About JessicaHof
Anglican Christian, evangelist, survivor, grateful

9 Responses to A sense of betrayal?

  1. Mike says:

    All good observations. Where we have failed in the U.S. is we have allowed the responsibilities of the States to be assumed by the Federal Government. By abandoning Federalism we have allowed a massive consolidation of power… and by extension money… at the highest level of Government. Our founders created our system knowing that was to be avoided in every circumstance save what they outlined in the U.S. Constitution. This and several other aspects of our design is what makes us not a Democracy, but a Democratic Republic. Democracy on its own is poison and is by definition ‘group politics’ or Mob Rule. In the end we have become less like our founders intentions and more like our European Brethren. While I hold a fondness for you folks, I don’t think this has worked out well for our Great Experiment in Self Rule.

    Liked by 2 people

    • JessicaHof says:

      I’m with you, Mike, all the way. Separation of powers is there for a reason. Over here we’ve let it erode, and no good has come of it. The President should be kept in the place the Founders wanted, not claim to be CEO of USA Inc.

      Liked by 2 people

  2. the unit says:

    Well yeah the Constitution separated the powers of the Feds as it defined those powers. More than that it provided the dispersal of powers, i.e. Feds, States, and The People, all not defined therein left to the States and The People The States and The People have abdicated.
    I guess we can’t stay the course. Old song…
    “Maybelene, why can’t you be true?
    Oh Maybelene, why can’t you be true?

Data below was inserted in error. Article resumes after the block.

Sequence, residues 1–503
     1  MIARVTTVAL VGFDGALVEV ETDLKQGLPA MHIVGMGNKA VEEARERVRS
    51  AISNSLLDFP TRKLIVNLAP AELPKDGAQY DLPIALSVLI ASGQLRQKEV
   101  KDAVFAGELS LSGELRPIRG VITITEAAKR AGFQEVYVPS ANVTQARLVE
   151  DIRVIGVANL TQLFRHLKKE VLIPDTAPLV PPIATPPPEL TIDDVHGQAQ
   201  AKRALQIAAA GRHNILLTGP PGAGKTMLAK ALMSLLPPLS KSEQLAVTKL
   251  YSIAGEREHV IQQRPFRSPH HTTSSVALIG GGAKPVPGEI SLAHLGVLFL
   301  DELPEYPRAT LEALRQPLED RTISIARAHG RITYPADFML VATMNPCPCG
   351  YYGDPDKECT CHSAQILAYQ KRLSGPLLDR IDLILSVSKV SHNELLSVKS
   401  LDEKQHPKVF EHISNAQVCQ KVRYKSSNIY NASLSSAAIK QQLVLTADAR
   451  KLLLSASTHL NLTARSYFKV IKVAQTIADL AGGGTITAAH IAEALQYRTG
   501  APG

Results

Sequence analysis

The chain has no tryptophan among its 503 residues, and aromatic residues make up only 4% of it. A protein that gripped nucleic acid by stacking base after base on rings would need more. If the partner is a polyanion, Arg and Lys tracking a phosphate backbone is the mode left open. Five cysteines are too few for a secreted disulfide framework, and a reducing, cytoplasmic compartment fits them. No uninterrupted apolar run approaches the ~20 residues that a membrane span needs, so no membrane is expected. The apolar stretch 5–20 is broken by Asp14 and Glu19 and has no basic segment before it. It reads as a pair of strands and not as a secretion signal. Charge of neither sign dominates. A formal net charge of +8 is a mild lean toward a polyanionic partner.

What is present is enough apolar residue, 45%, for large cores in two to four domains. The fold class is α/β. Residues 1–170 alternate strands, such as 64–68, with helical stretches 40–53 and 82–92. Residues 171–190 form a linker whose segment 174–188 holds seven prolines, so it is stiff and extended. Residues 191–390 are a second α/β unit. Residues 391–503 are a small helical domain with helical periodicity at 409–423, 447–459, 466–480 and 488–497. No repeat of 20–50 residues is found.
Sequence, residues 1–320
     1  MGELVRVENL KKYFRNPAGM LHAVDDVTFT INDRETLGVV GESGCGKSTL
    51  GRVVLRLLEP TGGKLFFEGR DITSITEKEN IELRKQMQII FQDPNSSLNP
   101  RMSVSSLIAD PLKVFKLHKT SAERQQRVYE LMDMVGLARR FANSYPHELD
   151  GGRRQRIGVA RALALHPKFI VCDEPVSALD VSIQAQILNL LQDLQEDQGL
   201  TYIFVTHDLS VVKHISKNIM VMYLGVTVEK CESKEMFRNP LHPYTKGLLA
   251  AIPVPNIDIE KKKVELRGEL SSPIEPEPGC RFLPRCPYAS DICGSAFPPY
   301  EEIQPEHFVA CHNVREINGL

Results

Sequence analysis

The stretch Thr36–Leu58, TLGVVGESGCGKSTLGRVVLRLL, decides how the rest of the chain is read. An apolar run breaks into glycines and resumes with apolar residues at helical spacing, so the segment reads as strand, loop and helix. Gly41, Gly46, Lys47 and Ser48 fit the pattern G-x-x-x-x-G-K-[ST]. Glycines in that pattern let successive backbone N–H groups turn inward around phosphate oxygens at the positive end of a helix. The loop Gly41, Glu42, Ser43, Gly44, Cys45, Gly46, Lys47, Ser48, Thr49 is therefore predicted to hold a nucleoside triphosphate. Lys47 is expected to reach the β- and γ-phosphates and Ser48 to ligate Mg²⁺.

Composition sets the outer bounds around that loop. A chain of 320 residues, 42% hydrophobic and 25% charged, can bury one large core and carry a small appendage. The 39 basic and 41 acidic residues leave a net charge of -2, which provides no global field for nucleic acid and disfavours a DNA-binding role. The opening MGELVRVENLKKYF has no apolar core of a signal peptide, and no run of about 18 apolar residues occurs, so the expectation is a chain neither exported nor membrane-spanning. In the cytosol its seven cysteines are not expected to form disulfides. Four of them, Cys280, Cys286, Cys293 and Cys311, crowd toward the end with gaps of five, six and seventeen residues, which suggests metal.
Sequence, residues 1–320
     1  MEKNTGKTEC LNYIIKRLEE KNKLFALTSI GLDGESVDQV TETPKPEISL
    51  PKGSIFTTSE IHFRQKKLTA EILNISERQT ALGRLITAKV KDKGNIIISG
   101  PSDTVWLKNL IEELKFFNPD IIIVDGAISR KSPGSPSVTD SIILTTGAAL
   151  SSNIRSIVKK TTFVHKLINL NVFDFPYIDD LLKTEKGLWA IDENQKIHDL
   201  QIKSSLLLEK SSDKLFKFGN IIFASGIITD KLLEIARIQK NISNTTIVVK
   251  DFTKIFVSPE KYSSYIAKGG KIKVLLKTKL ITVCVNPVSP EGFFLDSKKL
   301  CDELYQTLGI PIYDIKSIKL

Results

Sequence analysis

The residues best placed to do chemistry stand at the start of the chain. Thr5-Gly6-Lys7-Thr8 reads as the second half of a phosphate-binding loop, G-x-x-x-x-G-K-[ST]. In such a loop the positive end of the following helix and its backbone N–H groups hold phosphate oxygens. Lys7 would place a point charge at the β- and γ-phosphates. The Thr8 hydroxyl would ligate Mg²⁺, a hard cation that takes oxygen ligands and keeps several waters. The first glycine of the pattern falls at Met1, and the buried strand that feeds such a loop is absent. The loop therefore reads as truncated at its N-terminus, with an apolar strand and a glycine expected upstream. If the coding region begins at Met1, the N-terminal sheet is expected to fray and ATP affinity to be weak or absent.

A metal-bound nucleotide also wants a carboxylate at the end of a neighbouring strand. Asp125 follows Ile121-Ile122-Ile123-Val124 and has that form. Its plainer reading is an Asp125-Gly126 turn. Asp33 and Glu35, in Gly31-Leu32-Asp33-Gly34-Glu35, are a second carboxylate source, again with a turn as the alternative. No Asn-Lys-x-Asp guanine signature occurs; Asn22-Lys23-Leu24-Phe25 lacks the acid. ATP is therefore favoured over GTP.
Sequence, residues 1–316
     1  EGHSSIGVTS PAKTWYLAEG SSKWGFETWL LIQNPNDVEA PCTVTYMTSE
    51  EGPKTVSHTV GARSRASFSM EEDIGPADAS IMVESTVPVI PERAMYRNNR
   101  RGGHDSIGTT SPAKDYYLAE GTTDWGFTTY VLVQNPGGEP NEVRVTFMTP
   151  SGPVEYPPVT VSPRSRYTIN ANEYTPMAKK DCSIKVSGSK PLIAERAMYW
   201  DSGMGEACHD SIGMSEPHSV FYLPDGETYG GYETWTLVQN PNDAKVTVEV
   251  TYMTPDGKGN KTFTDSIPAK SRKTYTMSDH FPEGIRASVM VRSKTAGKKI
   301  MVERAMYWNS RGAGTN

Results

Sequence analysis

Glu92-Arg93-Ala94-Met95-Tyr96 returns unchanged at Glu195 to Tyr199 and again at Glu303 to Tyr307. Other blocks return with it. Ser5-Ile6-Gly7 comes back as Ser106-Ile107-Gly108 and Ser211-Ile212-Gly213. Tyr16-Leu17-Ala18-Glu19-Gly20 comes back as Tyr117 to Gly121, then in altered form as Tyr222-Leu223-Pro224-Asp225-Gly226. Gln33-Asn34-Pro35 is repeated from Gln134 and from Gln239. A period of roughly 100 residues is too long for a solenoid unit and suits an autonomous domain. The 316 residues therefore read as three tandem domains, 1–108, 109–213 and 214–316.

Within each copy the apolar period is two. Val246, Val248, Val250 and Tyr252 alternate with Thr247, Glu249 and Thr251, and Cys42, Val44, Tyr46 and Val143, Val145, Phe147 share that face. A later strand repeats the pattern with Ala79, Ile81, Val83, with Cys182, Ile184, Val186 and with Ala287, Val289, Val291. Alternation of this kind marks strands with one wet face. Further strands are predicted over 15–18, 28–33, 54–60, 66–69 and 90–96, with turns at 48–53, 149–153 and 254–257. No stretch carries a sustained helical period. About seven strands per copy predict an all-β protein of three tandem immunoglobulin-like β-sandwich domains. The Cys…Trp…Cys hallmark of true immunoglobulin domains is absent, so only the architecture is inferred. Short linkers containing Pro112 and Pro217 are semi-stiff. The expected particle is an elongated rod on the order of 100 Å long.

You’ve started back doing the things you used to do.”
    So we devolve from freedom to tyranny.

    Liked by 2 people

    • JessicaHof says:

      I am afraid it is so – alas 😦

      Liked by 1 person

      • the unit says:

        Just acknowledging your response so you would know I followed up. I couldn’t make myself click the “like” star.
        But your blog post was excellent.
        I think my comment was in total agreement with Mike, worded a bit different.

        Liked by 1 person

        • Btw, for me here hitting the like button here is simply saying, true!

          Liked by 2 people

        • And for sure (in my opinion anyway) Trump is an mental idiot! His only use is to the prejudice of the ad hominem (literally the attack to/on the man).

          Liked by 1 person

        • the unit says:

          I know, same here. True, but not liking it.!

          Liked by 1 person

  3. the unit says:

    Fr. Robert, I thought I’d start a new column for replies. About your opinion, it’s all well and good.
    Earlier I had fairly good opinions of most all the contenders, even those who dropped out. Not now, just my opinion, I don’t trust any of them. And on a personal level I don’t like any of what’s left.
    I was reading another blog about political disguise. I decided to look up what Moms Mabley had to say about politicians. Not specific but considering the males standing as Republicans…”a man is a man as long as he can.” Been awhile since I’ve seen one that could stand for his constituents and good over evil, i.e. dems. 🙂